By Jon Purmont
WH Historical Society
Black History Month commenced as a way to remember and celebrate African-Americans and their culture and contributions to America.
In our city, we have a number of individuals who made unique and long-lasting contributions to our city’s history.
Pomp, was a slave at the time of the British invasion of West Farms (West Haven).
Historian Peter Malia, author of the book, Invisible Saints, writes that a man named Pomp was killed along side several local militia on that fateful day July 5, 1779.
In fact, Malia recalls seeing a grave marker honoring Pomp in the burial grounds adjacent to the Church of the Holy Spirit. He passed by it on his daily walk to St. Lawrence School from his nearby home.
The marker, no longer visible, has either sunk in the ground or been lost due to the ravages of time and weather. However, Pomp remains more than a footnote in our city’s long history. He was one of the brave heroes who gave his life in the defense of West Haven in the war for our country’s freedom and his own.
Another African-American was described by reporter Rosalie Popich in the Feb. 18, l988 West Haven News article as “A man whose popularity and talent left a landmark of his own to the city.” The man was William Lockwood, born in West Haven in 1910 the grandson of a woman born a slave in Hudson, New York. He became a free-lance painter well-known in West Haven for creating scenes associated with Savin Rock.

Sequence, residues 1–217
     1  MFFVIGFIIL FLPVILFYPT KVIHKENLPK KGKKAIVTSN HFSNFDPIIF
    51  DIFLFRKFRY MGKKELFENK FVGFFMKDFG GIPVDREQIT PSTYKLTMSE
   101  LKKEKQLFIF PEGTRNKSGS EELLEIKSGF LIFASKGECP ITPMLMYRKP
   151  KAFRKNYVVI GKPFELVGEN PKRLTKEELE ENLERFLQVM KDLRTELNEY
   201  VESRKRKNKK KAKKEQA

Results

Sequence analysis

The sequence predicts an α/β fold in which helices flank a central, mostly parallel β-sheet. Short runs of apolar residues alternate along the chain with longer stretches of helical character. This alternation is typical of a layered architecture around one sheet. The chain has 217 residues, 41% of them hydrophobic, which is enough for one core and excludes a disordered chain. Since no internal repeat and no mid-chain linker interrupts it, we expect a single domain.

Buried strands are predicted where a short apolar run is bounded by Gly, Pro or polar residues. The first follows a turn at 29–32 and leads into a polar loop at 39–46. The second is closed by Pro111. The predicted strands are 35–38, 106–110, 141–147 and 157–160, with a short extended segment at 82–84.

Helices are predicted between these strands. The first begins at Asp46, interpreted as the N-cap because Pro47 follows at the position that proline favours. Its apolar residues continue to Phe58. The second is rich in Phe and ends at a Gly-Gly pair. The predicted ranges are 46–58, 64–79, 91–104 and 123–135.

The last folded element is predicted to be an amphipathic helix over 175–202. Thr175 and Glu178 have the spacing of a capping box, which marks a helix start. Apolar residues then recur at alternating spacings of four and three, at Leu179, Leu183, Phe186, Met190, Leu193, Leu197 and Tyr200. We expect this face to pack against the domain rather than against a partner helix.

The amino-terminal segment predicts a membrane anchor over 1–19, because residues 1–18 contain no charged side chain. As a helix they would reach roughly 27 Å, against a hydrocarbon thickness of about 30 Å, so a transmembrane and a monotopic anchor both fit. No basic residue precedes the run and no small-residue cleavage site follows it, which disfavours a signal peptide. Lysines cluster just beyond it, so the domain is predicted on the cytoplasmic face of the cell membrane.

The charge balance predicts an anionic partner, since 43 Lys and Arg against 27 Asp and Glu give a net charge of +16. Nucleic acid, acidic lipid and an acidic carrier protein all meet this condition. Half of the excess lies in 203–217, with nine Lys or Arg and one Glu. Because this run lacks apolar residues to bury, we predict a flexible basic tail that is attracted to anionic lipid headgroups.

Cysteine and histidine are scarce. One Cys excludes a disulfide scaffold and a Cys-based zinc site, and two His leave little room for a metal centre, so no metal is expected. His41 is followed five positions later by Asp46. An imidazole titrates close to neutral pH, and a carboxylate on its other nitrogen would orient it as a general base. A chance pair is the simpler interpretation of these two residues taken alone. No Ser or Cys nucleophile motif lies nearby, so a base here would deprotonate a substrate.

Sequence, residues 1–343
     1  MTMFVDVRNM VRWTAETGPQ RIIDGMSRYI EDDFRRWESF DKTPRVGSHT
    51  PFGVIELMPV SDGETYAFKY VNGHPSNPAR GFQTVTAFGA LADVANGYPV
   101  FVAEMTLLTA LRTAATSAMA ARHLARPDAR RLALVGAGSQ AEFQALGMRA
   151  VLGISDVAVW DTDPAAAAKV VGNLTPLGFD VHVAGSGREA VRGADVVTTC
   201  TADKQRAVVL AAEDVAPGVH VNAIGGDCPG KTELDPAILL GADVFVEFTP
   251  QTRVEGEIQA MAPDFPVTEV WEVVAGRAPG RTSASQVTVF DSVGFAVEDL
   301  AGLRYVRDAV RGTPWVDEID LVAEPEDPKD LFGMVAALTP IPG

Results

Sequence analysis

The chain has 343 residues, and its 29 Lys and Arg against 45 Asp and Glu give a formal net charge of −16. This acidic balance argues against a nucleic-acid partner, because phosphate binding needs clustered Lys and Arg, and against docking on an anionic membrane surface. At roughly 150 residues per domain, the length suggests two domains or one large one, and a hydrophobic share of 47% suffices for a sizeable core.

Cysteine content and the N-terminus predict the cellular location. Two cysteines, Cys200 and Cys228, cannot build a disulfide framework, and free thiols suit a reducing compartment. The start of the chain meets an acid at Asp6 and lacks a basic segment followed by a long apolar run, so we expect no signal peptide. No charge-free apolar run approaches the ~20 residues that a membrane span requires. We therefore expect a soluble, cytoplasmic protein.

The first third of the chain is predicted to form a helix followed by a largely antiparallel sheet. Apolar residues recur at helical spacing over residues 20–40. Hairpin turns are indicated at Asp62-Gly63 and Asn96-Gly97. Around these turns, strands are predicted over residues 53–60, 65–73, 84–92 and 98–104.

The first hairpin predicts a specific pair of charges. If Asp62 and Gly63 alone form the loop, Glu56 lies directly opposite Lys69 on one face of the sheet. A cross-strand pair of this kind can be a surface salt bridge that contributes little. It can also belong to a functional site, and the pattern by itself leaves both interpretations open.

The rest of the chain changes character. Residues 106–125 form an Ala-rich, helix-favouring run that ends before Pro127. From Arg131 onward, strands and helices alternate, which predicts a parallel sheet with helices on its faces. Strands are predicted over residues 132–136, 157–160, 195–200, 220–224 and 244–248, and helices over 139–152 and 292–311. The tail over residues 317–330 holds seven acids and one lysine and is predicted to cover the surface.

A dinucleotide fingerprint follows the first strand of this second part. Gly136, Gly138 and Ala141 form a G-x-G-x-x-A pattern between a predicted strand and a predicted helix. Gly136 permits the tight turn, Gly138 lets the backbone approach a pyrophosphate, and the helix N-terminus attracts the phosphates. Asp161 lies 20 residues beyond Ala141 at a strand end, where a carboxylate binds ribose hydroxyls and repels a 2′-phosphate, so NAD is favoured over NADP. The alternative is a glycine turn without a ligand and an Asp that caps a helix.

Popich estimated 50% of the amusement park outdoor signs were painted by “Willie” Lockwood as he was often called. He received commissions to paint many murals on inside walls of several restaurants and establishments at the “Rock.” His artistic talents included utilizing charcoal and other painting techniques often used to create portraits of children. It is believed some of these paintings still exist and may be found in some West Haven homes today.
Many older West Haven residents who remember Savin Rock may recall “Billy” Lockwood as a man who overcame many challenges. He had only one good arm which he used to paint with while coupling in his other arm the palette of colorful paints.
Yet despite obstacles- which did not deter him-William Lockwood remains a notable West Haven African-American. His reputation along with his many murals and portraits remain a large part of his long-lasting contribution to the city’s African-American history.